Matthias Shapiro

I need fewer hobbies

Tutorial: Alexa Skills in C# – The Code

In the last piece, I walked through setting up an AWS account and putting together the policies needed to deploy your code to Amazon’s Lambda service.

Now we’re going to write our code.

Complete project code on github

This will be a C# port of the “SpaceGeek” Alexa Skill sample (which was actually pulled down a couple days before this post was published. Grrr)

Also a huge debt is owed here to Tim Heuer and his piece on Alexa in C#.

First we need to get the Lambda C# template, which is in the AWS Toolkit for Visual Studio. Download and install that toolkit. Then open up Visual Studio & pick the AWS Lambda Project (.NET Core) from the AWS Lambda templates.

Name it “Space Geek” and create your new project. Select Empty Function for your blueprint & click Finish

You might get a Package restore failed error. Just right-click on the project & select Restore Packages and that should be fixed.

Now let’s add some helpful nuget packages for the project. Open Manage NuGet Packages and go to Browse. Type and install the Json.NET package.

Now do the same for Alexa.NET, but make sure you check the Include prerelease checkbox. (Also keep an eye on the Alexa.NET github)

OK. We’re ready to go.

We’re porting the Alexa science facts skill, which supports multiple (human) languages. We won’t go that far, but we will  build our skill with the ability to extend later on.

Adding our Facts

Open up Function.cs. First we’ll define an object to hold our facts as well as some other valuable properties (like our help and stop messages).

public class FactResource
    public FactResource(string language)
        this.Language = language;
        this.Facts = new List();

    public string Language { get; set; }
    public string SkillName { get; set; }
    public List<string> Facts { get; set; }
    public string GetFactMessage { get; set; }
    public string HelpMessage { get; set; }
    public string HelpReprompt { get; set; }
    public string StopMessage { get; set; }

Inside the Fuction class, we’ll set a method to populate the resources

public List<FactResource> GetResources()
    List<FactResource> resources = new List<FactResource>();
    FactResource enUSResource = new FactResource("en-US");
    enUSResource.SkillName = "American Space Facts";
    enUSResource.GetFactMessage = "Here's your fact: ";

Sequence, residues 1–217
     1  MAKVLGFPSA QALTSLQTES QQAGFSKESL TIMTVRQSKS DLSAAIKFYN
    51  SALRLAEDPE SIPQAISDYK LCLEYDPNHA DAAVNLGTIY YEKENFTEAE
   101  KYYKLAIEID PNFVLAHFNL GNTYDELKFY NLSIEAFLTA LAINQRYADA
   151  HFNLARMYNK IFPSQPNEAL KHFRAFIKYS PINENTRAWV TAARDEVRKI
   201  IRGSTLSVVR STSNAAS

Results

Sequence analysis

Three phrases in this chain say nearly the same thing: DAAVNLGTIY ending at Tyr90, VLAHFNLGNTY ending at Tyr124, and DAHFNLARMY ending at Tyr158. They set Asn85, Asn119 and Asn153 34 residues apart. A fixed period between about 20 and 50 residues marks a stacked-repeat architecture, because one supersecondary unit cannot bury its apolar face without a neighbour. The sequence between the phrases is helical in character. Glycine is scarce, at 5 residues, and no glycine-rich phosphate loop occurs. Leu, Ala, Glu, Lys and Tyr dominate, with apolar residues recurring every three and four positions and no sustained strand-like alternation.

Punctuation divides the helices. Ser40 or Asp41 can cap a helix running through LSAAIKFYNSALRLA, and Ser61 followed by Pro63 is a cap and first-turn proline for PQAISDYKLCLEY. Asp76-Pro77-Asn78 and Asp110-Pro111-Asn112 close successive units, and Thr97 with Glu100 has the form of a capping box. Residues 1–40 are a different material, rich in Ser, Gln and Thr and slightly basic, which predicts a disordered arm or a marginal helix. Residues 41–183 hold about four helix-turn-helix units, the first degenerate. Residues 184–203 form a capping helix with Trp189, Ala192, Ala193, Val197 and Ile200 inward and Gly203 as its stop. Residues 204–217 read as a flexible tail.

enUSResource.HelpMessage = "You can say tell me a space fact, or, you can say exit... What can I help you with?";
    enUSResource.HelpReprompt = "What can I help you with?";
    enUSResource.StopMessage = "Goodbye!";
    enUSResource.Facts.Add("A year on Mercury is just 88 days long.");
    enUSResource.Facts.Add("Despite being farther from the Sun, Venus experiences higher temperatures than Mercury.");
    enUSResource.Facts.Add("Venus rotates counter-clockwise, possibly because of a collision in the past with an asteroid.");
    enUSResource.Facts.Add("On Mars, the Sun appears about half the size as it does on Earth.");
    enUSResource.Facts.Add("Earth is the only planet not named after a god.");
    enUSResource.Facts.Add("Jupiter has the shortest day of all the planets.");
    enUSResource.Facts.Add("The Milky Way galaxy will collide with the Andromeda Galaxy in about 5 billion years.");
    enUSResource.Facts.Add("The Sun contains 99.86% of the mass in the Solar System.");
    enUSResource.Facts.Add("The Sun is an almost perfect sphere.");
    enUSResource.Facts.Add("A total solar eclipse can happen once every 1 to 2 years. This makes them a rare event.");
    enUSResource.Facts.Add("Saturn radiates two and a half times more energy into space than it receives from the sun.");
    enUSResource.Facts.Add("The temperature inside the Sun can reach 15 million degrees Celsius.");
    enUSResource.Facts.Add("The Moon is moving approximately 3.8 cm away from our planet every year.");

    return resources;

and we’ll add a method to take in a resource and output a random fact string along with our FactMessage preface

public string emitNewFact(FactResource resource, bool withPreface)
      Random r = new Random();
         return resource.GetFactMessage +